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Opinions on proper honing steel for Shun Elite powdered steel knives (if any)

post #1 of 4
Thread Starter 

Hello all,

 

It's been a while since I last posted. My apologies, I'm sure everyone here already knows how the industry is in regards to free time. But on to my actual post...

 

I recently acquired (for very reasonable prices) a few pieces from the Shun Elite series which is currently being retired. These knives are made of "Powdered Steel" which I am told is a higher quality steel than the typical VG10 steel that Shun uses in most of their knives. The steel is supposed to stay sharper for a longer period of time if maintained properly. The drawback is that they are supposedly fragile and more prone to shattering if dropped or chipping if being honed improperly.So begins the question...

 

I have talked to a few people back and forth on this and get very mixed opinions on what kind of honing steel to use (if honing is required). I currently own a smooth diamond steel that I use very sparingly on other Japanese style knives.My understanding is that the diamond steel pulls away small shards of metal off the knife as it is used (similar to sharpening, but on a smaller scale).

 

I have done some research of my own and have found that typical rigid honing steels can chip powdered steel knives and are therefore not recommended for use on them. Smoother steels (such as my diamond) are preferred, but should be used sparingly because these knives are designed to hold an edge for a longer time, and because of the pulling shards of metal off the knife thing.

 

Because I have had so many differing opinions on this and my research has been somewhat inconclusive, I figure I could re-emerge on cheftalk with this question and hopefully remember to be more active in the community.

 

So if you managed to read through all of this. Should I stick with my smooth diamond steel and use it very sparingly with careful technique? Should I invest in a different kind of steel (I have been hearing about ceramic and glass steels, each with their ups and downs), or should I not worry about honing these knives and get them sharpened as needed (which hopefully isn't for a very long time as I just got them)?

 

Your input is appreciated. Thank you!

post #2 of 4

This is probably better answered in the Cooking Knives section.

 

I assume that when you are talking about powdered steel I'm guessing its SG2 for Shun (but I thought that's only on the Kaji line). My thought is that, diamond steels will probably eat away at your knives easily. If anything an Idahone Fine Ceramic is less abrasive than a diamond steel be and would probably be more suited for the job.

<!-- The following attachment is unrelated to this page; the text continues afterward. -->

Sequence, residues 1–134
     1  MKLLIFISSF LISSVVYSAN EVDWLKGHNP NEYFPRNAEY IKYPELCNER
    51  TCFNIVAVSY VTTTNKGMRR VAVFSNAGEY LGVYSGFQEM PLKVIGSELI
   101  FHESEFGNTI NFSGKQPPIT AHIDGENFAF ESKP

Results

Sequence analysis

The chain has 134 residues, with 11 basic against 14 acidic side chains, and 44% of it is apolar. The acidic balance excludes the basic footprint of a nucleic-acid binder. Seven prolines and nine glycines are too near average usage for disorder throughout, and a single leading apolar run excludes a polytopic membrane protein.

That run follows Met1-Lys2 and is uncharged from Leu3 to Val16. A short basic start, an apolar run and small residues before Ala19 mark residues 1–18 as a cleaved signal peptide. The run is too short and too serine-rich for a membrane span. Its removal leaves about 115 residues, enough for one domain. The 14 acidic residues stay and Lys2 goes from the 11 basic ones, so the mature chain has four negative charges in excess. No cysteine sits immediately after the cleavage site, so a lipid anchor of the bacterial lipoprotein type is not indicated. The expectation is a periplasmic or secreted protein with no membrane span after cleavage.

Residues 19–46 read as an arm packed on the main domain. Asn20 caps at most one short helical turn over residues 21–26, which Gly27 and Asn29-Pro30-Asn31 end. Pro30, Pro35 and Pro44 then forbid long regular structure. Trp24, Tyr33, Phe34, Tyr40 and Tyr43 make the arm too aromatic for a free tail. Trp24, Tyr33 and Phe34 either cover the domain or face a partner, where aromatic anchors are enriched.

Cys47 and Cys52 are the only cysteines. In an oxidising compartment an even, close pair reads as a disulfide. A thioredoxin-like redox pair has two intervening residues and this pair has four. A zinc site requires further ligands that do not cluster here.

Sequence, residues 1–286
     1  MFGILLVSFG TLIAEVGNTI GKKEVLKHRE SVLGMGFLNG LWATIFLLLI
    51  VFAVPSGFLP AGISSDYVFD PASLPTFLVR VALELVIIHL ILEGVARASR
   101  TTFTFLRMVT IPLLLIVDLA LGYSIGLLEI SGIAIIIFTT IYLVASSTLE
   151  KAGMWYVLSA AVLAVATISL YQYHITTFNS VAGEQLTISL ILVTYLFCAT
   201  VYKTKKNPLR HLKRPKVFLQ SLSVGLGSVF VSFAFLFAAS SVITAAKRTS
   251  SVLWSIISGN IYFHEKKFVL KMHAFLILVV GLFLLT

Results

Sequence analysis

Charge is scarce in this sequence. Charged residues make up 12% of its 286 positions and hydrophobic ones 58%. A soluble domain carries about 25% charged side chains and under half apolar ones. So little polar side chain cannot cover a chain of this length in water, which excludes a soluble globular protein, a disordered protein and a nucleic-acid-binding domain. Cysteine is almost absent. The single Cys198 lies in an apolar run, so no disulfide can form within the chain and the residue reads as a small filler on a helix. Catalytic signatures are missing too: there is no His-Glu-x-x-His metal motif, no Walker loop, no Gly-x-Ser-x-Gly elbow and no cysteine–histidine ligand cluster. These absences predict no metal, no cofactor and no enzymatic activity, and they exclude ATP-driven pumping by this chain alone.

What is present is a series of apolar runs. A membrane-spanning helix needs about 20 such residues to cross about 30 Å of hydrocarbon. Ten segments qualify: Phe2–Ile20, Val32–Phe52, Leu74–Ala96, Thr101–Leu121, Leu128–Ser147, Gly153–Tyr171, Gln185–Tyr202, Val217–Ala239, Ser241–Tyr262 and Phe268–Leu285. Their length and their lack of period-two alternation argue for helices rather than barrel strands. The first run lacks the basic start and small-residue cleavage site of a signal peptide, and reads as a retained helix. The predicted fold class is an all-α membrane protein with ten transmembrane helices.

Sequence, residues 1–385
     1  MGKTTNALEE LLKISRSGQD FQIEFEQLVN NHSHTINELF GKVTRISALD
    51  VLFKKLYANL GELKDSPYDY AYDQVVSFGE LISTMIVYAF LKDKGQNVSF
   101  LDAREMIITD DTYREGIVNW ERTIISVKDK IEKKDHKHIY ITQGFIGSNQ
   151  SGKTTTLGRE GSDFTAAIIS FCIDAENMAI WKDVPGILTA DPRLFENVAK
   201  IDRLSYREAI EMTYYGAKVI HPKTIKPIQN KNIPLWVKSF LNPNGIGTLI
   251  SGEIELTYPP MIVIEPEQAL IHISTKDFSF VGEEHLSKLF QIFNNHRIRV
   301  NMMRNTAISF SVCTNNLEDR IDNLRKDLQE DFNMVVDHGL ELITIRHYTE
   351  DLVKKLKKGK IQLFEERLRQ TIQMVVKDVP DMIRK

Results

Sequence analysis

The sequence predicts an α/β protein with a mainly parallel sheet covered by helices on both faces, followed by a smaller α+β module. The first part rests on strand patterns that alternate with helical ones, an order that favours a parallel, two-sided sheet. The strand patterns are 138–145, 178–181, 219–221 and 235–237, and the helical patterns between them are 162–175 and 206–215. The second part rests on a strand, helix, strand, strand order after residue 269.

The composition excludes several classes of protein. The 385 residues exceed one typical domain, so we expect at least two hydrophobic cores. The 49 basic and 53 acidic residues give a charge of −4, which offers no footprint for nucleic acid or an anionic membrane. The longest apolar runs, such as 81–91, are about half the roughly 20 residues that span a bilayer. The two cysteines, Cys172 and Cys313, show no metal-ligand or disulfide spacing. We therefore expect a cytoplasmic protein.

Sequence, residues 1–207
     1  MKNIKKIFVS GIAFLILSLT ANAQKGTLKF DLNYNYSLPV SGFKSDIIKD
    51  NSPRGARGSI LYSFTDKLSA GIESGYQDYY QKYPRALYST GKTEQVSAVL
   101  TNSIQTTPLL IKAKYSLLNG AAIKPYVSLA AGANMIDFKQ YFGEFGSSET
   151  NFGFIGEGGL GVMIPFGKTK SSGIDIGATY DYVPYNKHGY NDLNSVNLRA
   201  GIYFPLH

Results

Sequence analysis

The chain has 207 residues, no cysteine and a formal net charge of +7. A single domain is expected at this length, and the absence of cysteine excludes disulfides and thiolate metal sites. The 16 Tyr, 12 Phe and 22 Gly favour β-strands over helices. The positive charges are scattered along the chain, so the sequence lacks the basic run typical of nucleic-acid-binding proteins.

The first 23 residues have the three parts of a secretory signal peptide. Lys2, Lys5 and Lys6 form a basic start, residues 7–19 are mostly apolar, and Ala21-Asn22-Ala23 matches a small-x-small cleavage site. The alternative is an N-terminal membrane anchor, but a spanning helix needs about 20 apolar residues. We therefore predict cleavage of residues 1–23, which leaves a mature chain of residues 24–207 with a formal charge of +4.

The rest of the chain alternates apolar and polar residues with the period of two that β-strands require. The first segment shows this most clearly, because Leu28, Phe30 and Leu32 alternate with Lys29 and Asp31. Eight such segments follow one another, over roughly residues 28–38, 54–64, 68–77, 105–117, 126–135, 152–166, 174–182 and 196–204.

BDL would definitely give you a better answer.

 

P.S. Also Shun brought back their free knife sharpening so you can send it to them to resharpen. 

post #3 of 4
I prefer a strop. It's easier to maintain the correct angle. I'm currently using a basal wood strop charged with chromium oxide for everyday maintenance between sharpening

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post #4 of 4

A "smooth diamond steel" is an oxymoron.  The terms are contradictory and there's no such thing.  Because diamond is such an aggressive abrasive, because a narrow rod has a such a small contact point, and because errors caused by bobbling the angle are magnified, diamond steels do far more harm than good. 

 

It's a good rule not to use a diamond steel for any knife. 

 

Your Shun is made from an alloy called SG2, hardened to 64-66RCH.  SG2 is a "strong" steel but not very tough, especially at that hardness.  That means it's somewhat chip prone under the best of circumstances.  It's probably a better idea if you don't steel it at all, as even a smooth or ultra fine steel will put so much force on tiny sections of the edge as too cause chipping. 

 

If your knife needs truing your best bet is a "touch up" on a medium fine or fine stone.  Stropping on a hard strop --  DO NOT use a leather belt! -- works well also.  However, either of those methods is prone to "pulling a wire," so you may have to deburr as well. 

 

Strops are not "easier" to use than steels, just better for very "strong," "hard" alloys like the SG2 in your Shun because their relatively large contact areas spreads the force over a much larger section of the knife's edge. 

 

BDL

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